Q: My boyfriend and I are attempting a long-distance college relationship, with the plan that it will be long-distance only for a finite amount of time. Recently, the idea of making the relationship a slightly more open one for the long-distance part was brought up. I think his reasons for suggesting it seem perfectly valid, including ensuring we don't suffocate, keeping loneliness at bay, and some curiosity. He stresses, however, that if it is not absolutely okay with me, it is not okay with him either, and that he would ask my permission anytime something came up.
Even though it logically seems okay to me, I get a panicky gut reaction thinking about it. I suppose I'm just afraid of losing him somehow, but at the same time I'm worried that he might suffocate if I say no and I'd lose him anyway. He tells me this is not something he needs, just an idea that could make things easier, but it has been brought up several times. Any ideas?
Worried Either Way
A: "The idea . . . was brought up"? "It has been brought up several times"? Did you even notice that you switched into the passive voice for those two sentences?
If you can't bring yourself to say, "He wants to see other people," then you are not ready to have a boyfriend who sees other people. Imagine how his calls to "ask my permission" are going to go.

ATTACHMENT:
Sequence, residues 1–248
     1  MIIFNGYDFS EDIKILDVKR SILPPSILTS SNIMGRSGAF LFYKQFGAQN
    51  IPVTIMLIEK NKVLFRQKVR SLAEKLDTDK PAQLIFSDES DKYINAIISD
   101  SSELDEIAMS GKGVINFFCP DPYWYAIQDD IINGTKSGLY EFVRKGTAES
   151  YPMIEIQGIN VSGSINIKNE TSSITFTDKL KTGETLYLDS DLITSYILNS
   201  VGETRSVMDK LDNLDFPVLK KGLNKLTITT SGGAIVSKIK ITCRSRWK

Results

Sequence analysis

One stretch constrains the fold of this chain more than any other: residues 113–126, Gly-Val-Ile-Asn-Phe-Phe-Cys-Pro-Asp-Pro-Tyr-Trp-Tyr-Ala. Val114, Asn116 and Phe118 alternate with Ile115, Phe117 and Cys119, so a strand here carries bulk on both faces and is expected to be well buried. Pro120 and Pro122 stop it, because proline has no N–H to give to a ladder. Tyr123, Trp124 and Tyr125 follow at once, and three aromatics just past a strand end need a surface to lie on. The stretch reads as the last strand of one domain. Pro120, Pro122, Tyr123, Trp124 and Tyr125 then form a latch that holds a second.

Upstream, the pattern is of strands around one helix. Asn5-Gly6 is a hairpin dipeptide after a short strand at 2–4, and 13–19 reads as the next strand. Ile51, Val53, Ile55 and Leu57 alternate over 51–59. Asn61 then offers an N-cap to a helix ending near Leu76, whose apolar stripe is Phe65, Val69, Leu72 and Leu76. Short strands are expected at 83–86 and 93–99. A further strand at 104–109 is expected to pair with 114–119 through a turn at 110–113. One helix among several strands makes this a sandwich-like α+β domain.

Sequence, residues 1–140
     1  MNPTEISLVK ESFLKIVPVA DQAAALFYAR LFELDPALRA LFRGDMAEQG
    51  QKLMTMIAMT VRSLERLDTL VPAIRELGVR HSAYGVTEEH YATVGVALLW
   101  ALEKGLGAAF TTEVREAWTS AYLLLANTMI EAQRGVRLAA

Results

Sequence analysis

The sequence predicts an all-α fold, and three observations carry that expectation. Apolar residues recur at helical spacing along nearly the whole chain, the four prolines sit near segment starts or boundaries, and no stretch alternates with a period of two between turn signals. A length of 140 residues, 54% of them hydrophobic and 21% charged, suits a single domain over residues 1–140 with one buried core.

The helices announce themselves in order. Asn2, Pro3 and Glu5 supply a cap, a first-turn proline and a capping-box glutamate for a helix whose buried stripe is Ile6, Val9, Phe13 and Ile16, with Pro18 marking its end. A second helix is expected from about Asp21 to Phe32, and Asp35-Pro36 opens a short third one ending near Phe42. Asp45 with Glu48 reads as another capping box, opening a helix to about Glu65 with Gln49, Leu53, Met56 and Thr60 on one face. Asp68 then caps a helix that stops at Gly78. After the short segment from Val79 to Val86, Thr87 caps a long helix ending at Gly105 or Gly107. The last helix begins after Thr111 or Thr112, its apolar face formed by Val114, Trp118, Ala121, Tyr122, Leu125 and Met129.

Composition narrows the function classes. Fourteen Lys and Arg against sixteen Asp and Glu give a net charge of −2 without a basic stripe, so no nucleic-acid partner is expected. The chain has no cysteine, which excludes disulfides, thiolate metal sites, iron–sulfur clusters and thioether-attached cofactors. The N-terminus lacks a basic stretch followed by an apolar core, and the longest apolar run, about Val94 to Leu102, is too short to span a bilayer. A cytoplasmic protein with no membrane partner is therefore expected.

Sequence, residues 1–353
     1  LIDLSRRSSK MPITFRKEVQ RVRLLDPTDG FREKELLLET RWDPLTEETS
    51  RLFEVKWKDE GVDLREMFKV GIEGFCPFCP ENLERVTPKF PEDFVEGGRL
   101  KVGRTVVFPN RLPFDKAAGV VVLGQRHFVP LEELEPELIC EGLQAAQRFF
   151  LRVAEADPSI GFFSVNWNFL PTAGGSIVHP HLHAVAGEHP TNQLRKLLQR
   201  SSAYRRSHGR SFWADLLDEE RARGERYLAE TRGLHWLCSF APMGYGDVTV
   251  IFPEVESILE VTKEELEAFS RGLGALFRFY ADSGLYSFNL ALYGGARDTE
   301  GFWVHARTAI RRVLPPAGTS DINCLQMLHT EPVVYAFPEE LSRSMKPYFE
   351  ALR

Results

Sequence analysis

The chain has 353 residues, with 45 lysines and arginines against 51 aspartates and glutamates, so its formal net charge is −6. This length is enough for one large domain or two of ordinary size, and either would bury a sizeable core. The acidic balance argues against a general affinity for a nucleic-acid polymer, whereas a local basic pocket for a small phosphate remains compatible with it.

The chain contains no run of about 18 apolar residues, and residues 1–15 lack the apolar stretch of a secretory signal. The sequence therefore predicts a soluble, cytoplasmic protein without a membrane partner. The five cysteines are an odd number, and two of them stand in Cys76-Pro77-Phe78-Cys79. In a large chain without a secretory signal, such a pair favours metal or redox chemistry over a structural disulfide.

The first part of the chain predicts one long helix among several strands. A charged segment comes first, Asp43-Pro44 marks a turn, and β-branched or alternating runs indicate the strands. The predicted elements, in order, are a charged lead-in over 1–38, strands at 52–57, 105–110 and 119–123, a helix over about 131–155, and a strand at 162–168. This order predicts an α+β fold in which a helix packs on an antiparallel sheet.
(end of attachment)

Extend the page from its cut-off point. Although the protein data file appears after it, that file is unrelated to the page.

You want a boyfriend who spends his college years thinking only of you. Admit this, please. And then, accept this: You are not getting that from this guy.
This doesn't mean you also have to accept an open relationship. You don't even have to accept a "slightly more open" relationship, whatever that is. Openness is strictly for those rare, rare birds who believe in it. Everyone else should run.
I say this, though, at the risk of letting sex cloud the issue: No one should ever agree to terms they find objectionable. Yet everything you quote suggests he's trying to manipulate you into this. He only wants it if you do? Ya.
And, everything you say suggests you're trying to find a way to go along with it.
No commitment is worth anything if you have to demand it. So, grant him his "freedom" outright. As in, see ya.
As in, do exactly what you fear most. Declare your love, say goodbye, bring your full attention to your college life. If he changes his mind, he knows exactly where you will be.
Encourage complaining sisters to continue to open their minds
Q: My sisters both confide in me. Each thinks one of the other's children has a major behavioral/developmental problem.
I think both are wrong, but I just listen neutrally. What they're really saying is that they have different parenting styles.
Is it incumbent on me to do anything else? I've suggested to each that she share her concerns with the other.
A: For obvious reasons, you don't want to get in the middle of your sisters' argument.
But for reasons that I hope are just as obvious, you do want to stick up for your sisters' kids. You believe they're just fine, so please say so. It's not meddling, it's encouraging two open minds.